Hyderabad: In a first, CSIR- National Geophysical Research Institute, Hyderabad has brought out the ‘Geochemical Baseline Atlas’ of India for environment management purpose. The 44 maps of oxides and trace elements over the entire nation aim to document the concentration and distribution of the chemical elements in the soils of India.
Dr Keshav Krishna, the co-author of the atlas, said, “Both human activities and natural processes are continuously modifying the chemical composition of our environment. These maps will form the backbone for environment management. It will help in finding out future contaminations due to industries across the country. Government and policymakers can leverage it in planning the land use accordingly.”
The map trace elements from top soil i.e. top 25 cm depth and bottom soil at 100 cm depth from the year 2006 to 2011. Across India, over 545 samples were collected.
This is the third map among the series of maps published by NDRI. Earlier, The Gravity map of India and Seismic map of India were released by the research institute.
Dr. C Manikyamba, Head, Geochemistry, CSIR-NGRA told NewsMeter, “The new geochemical baseline atlas will help the country to assess the presence of toxic chemicals in soil and how it varies from place to place. It also helps in identifying how soil pollution is contributing to groundwater contamination.”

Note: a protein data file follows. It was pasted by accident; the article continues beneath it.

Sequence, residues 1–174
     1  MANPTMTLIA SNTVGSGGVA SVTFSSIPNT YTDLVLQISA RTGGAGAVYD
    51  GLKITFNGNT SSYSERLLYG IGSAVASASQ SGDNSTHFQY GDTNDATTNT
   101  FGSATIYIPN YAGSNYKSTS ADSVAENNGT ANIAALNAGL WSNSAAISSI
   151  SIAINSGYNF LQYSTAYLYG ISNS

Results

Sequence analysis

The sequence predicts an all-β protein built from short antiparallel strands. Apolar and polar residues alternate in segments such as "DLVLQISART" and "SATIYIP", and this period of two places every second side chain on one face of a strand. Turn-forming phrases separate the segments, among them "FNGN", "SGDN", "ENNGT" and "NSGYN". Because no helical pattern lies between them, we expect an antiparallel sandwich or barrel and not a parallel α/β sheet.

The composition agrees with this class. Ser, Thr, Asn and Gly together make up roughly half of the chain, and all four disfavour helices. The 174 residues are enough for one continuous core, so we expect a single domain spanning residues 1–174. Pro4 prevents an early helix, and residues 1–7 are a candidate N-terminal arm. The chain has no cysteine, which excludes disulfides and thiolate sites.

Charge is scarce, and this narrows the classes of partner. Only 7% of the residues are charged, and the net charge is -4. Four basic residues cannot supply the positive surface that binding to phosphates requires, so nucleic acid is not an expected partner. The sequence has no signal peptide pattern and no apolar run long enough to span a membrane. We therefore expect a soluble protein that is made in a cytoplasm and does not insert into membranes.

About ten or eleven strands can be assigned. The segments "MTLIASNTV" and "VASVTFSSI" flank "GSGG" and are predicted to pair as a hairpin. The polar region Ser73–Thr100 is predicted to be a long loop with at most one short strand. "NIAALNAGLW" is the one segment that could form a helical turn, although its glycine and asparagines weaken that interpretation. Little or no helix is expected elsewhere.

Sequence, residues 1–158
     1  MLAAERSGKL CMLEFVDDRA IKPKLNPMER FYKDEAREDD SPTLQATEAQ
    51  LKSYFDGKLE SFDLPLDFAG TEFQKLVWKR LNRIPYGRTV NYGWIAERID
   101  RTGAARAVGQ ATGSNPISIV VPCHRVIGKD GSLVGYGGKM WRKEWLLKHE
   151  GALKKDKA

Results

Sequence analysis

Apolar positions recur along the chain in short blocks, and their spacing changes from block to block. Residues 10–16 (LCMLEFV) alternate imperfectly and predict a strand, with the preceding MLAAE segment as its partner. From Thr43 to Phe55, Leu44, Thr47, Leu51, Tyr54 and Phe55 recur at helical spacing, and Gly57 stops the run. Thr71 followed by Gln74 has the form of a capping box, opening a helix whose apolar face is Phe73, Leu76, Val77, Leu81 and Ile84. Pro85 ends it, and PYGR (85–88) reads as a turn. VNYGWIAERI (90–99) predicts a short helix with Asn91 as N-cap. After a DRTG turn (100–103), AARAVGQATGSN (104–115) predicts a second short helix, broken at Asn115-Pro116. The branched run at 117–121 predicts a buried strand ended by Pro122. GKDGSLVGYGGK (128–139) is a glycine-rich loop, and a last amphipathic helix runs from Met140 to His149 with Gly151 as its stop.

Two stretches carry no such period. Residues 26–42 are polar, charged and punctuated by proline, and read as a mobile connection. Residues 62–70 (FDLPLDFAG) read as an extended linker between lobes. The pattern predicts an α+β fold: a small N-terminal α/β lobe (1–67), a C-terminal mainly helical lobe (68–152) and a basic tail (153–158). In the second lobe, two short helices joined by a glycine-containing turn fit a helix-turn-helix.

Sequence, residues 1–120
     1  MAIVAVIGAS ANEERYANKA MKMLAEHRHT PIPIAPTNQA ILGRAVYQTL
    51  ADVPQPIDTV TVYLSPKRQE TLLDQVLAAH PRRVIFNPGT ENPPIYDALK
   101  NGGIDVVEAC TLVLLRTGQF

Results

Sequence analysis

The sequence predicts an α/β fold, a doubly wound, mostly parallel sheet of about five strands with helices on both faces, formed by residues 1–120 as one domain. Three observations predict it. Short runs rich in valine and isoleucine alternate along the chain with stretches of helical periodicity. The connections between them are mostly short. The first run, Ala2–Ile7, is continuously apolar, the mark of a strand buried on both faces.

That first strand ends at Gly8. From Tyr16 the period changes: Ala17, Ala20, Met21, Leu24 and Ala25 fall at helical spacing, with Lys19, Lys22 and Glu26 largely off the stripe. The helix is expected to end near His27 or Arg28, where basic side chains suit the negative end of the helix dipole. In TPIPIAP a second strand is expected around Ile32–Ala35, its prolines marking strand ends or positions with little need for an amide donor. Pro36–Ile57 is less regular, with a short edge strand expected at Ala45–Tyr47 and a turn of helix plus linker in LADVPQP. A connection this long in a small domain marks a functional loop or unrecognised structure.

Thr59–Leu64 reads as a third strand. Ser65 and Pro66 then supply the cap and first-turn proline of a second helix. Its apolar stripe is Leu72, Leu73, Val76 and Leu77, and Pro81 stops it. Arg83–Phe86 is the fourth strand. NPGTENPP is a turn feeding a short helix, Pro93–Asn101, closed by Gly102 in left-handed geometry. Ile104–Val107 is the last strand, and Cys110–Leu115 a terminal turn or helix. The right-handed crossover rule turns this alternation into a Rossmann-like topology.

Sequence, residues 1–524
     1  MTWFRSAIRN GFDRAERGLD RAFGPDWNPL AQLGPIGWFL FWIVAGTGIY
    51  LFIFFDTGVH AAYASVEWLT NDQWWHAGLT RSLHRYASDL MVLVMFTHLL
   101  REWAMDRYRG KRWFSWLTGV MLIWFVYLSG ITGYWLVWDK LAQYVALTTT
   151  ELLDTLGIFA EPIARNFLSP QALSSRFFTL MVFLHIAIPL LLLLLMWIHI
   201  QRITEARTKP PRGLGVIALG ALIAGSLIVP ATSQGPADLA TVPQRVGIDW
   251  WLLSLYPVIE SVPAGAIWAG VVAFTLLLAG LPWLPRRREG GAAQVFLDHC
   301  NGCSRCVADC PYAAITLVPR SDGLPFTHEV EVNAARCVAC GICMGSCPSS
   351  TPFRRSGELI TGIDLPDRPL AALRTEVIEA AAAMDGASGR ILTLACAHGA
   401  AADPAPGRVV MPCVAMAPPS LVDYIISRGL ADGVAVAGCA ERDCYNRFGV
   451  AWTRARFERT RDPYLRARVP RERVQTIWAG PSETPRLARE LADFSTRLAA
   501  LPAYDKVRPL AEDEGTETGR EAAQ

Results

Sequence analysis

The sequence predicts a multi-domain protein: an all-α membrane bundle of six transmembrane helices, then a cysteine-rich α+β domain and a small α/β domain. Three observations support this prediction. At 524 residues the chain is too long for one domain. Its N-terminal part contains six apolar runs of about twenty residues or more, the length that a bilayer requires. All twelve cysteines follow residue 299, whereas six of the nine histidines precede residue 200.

Dr Krishna added, “Mineral elements are necessary for crop growth. The map will also support in choosing the right soil that’s rich in certain micronutrient elements required for each plant growth.”
The geochemical data presented in these maps will be a part of the Global Map to be prepared by the International Union of Geological Sciences (IUGC). Dr Shekhar C. Mande, Director General, CSIR on Saturday, 9th November, released the Geochemical Baseline Atlas’ of India.
Importance of geochemical baseline maps
Soil is a vulnerable geological medium which sustains the human activities. Hence, according to experts, it is important to determine the present abundance and spacial distribution of the chemical elements across the earth’s surface.
“The baseline map of India will help to plan the land use in different parts of the country. For example, a toothpaste manufacturing industry, which use high concentration of Strontium, cannot be in a place where soil is already having high baseline concentration of Strontium,” said scientists from CSIR-NGRA.